6 Facilities Manager Job Skills That Will Get You a Raise
Remember when employers insisted on annual reviews to assess your performance? They were almost always followed by a raise. But in the wake of the Great Recession, many companies changed their routine to conserve funds. Ever since, it seems like if you want a raise you either need to ask for it directly, or make a performance impression that raises eyebrows.
For facilities managers, performance-based raises are particularly challenging because the job landscape has changed dramatically over the last several years. It’s not just about managing space and assets anymore. Now you’re responsible for optimizing every possible workplace function, forecasting future needs, identifying key trends and, most importantly, leveraging technology to help your organization become more efficient, productive, scalable and competitive. Whew.
It’s already a challenging career path without having to find ways to improve your performance. But raises don’t get awarded for complacency. What exactly will it take to win the attention of your upper management and earn a pay bump?
1. Proficiency in IWMS
Integrated Workplace Management Systems (IWMS) aren’t considered luxury anymore. They are a critical component to the effective management of facilities, which means facilities managers better be experts at navigating them. These systems reduce the cost of resources, optimize space utilization, create fast and customized reports, streamline facilities processes and automate numerous responsibilities. In other words, it’s almost like having a clone to take on your busy work. Facilities managers who are proficient in IWMS operation can juggle more responsibility with greater accuracy, and that’s sure to turn heads.
2. Expertise in Data Science
The rise of technology in the workplace has triggered a virtual flood of data that organizations are still struggling to contain. Those who possess the ability to make sense of it will noticeably outshine the rest. Data science is an evolutionary skill characterized by one's ability to extract knowledge or insights from data to improve processes and make quick, calculated business decisions.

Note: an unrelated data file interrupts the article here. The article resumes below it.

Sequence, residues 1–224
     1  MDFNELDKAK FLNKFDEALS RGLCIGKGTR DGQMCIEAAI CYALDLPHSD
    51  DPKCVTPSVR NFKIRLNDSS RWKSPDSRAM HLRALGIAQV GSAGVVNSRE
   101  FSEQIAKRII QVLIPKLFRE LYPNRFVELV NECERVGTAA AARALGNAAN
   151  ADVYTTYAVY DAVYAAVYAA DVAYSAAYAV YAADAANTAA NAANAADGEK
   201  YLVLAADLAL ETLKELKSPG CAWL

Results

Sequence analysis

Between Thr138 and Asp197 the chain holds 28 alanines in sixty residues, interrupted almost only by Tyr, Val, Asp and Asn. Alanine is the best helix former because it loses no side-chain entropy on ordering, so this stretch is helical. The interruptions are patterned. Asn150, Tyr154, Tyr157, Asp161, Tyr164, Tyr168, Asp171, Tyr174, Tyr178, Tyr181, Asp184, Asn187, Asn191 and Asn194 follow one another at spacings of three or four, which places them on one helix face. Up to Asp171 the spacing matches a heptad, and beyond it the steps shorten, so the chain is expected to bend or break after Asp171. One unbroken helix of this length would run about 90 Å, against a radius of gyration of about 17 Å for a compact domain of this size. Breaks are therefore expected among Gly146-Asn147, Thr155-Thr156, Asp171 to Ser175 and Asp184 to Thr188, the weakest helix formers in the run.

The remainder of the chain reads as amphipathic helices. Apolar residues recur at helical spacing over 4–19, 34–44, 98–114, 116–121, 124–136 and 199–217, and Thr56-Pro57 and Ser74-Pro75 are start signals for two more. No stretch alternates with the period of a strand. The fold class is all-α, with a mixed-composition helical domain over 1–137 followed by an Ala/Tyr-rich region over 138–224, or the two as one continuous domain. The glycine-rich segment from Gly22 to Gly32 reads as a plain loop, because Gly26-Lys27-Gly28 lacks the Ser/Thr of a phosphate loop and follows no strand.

The key to doing data science efficiently is automation. Facilities managers don’t have time to analyze swells of data and derive key findings. But they do have time to learn how to use softwares and applications to do it for them. If you develop the skills to translate reports into action, you will undoubtedly garner attention from upper management.
3. Data Security Experience
Want to know the easiest way to lose your job? Be the cause of a data breach. Data is incredibly powerful and, to quote Spider-Man’s Uncle Ben, “With great power comes great responsibility.”
Facilities managers need to show the c-suite that they don’t just know how to use data, they also know how to handle it, care for it and protect it. That means never assuming your facility isn’t a target, factoring in building security and visitor management software to ensure internal/external on-site threats are minimized, investing in more than basic antivirus software to safeguard networks and tracking assets — especially those harboring sensitive information.
4. Strong Interpersonal and Relationship-Building Skills
Facilities managers are the main link between an organization and the countless vendors that support its infrastructure. They also are responsible for ensuring the work environment properly supports employees, which means they must have a close working relationship with their workforce. Strong interpersonal skills are a must. The more likable and communicative a facilities manager is, the more successful they will be at bridging gaps between vendors and employees, and nobody will be more delighted by this than HR and upper management.
5. Strategic Thinking
Keeping up with today’s competitive market means staying ahead of trends, forecasting future needs and tirelessly thinking about ways to better position the organization. As technology continues to advance, facilities managers are moving from a reactive state of mind to a proactive one. To do so, they must exercise their strategic thinking skills and prove their ability to roadmap in a way that leverages trends, but also capitalizes on current and unpredictable opportunities. Facilities management software is the only way to gain the insight necessary to pull off this level of strategic thinking.
Now is not the time to become rooted in outdated practices. It’s the time to experiment, innovate and fearlessly look to technology for operational support. Be adaptable and open-minded. Executives understand that technology is the future, and they’re looking for tech-savvy management to help them use all these sophisticated tools and softwares to outpace competition and improve profit margins.
Looking to brush up on your facilities management skills even more? Sometimes the only way to know what your CEO wants in their facilities manager is to know what they don’t want. Check out this article on the five worst traits in a facilities manager and avoid them at all costs. It will also benefit you to read about the seven things CEOs want facilities managers to know.
We can’t make any promises, but by aligning your skills with upper management’s expectations is your best chance at being awarded that raise you’ve been chasing. At the very least, you’ll have a case for why you deserve it.
You know you need IWMS to help you achieve the results you want. Now it’s time to convince your boss. Learn how in The Ultimate IWMS Buyer’s Guide: Selling Workplace Management Software to the C-suite.